Helping the victims

In this first guest blog I am delighted to introduce my friend and international humanitarian campaigner Nigel Ellway. Nigel is one of those people who doesn’t seek publicity, but rather seeks to help people. So beware. He is too modest about himself and too flattering about me. Over to you Nigel.

International aid

A question I often hear is “why do we spend so much on international aid?”, often asked by the same people who complain bitterly about the ‘influx’ of migrants and refugees.

International development funding is an extremely complex issue, the motivation and context in which it is given can be very different from country to country.

What concerns me most falls under humanitarian funding, particularly the much needed support for people whose lives have been blighted by conflict and especially explosive violence – people who live in fear, people who have been displaced and those injured or have to support those with injuries.

Victims of explosive weapons

My role for the last decade has been to advocate at an international level for better policy on control of explosive weapons and better funding and support for victims.

In 2015 I needed some new blood for the All Party Parliamentary Group on Explosive Threats I had created in Westminster. Roger Mullin as a fresh faced new MP, with his history of working in the humanitarian sector, was a perfect candidate.

Roger said he could give me ten minutes. We spoke for over an hour and a half, at the end of which I knew I had not just a new group member, but a potential chairman.

Working together

Roger and I worked closely together for the two years he was MP for Kirkcaldy and Cowdenbeath. In that time we ran a landmine and counter IED demonstration on Speakers’ green:;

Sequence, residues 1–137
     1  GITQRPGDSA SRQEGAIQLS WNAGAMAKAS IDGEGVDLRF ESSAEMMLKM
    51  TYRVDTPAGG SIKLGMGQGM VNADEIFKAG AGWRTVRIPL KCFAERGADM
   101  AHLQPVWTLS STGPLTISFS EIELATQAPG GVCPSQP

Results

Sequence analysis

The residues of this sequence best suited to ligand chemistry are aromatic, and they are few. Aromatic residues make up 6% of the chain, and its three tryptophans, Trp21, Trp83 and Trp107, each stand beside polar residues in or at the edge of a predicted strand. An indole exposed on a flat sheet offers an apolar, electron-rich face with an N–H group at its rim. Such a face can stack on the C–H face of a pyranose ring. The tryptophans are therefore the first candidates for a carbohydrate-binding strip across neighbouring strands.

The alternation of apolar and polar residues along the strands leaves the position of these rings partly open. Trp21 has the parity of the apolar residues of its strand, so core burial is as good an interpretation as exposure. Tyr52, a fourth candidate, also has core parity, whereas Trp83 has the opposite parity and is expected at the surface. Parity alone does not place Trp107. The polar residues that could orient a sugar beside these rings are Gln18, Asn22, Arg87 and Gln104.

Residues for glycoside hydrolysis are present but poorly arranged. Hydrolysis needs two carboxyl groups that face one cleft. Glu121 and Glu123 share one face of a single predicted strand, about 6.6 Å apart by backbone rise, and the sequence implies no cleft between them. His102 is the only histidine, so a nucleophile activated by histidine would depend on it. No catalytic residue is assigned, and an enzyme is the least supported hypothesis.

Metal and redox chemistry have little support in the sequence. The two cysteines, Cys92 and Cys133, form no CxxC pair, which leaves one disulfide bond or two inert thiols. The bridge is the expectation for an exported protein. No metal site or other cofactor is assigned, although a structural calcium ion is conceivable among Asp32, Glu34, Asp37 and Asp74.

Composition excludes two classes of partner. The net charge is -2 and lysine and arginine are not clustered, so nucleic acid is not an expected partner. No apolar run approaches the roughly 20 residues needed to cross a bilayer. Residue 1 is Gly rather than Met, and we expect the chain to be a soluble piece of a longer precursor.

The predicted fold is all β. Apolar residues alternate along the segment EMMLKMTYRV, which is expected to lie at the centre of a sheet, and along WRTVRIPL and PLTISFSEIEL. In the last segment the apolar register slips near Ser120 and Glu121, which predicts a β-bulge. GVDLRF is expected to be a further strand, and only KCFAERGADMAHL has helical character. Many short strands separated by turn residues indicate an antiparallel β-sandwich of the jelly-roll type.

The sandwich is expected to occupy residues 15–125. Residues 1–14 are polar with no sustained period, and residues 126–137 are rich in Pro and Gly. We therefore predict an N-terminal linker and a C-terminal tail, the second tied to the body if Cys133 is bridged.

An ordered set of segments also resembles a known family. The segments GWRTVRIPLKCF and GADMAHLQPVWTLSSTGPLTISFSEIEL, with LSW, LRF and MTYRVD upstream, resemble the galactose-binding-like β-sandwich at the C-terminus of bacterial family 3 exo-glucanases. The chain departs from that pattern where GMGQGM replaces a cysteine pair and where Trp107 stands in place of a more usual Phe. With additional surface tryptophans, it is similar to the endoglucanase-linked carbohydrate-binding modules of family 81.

Roger led a Westminster hall debate on the use of children as suicide bombers:;

and he asked the Prime Minister David Cameron what the UK government was doing to prevent young Syrians from joining ISIS:

In 2016 Roger and I were invited to address the United Nations conference on mine action in Geneva and with our friend the distinguished foreign correspondent David Pratt, we paid two visits to Erbil and Mosul in Kurdistan observing the work of NGOs like Emergency UK, commercial explosive mitigation companies such as OPTIMA Group, and how policy was delivered through bodies such as UNMAS and UNDP. (United Nations Mine Action Service and United Nations Development Programme).

Roger also played a pivotal role in the creation of our not-for-profit advocacy organization:,

of which he is now chairman. If any reader would like to assist us in our work I know Roger will be delighted to hear from you.

Scottish Independence

As Scotland works towards its independence, it has a huge opportunity on the global stage to take the mantle of humanitarian assistance. While the Tory government forsakes its humanity, it is up to people like Roger to fight for compassion in our dealings with people and communities who wish for no more than to live in peace and liberty.

Nigel Ellway is Policy Director of the APPG on Explosive Threats and Founding Director of the REVIVE Campaign.

49 views0 comments

Recent Posts

See All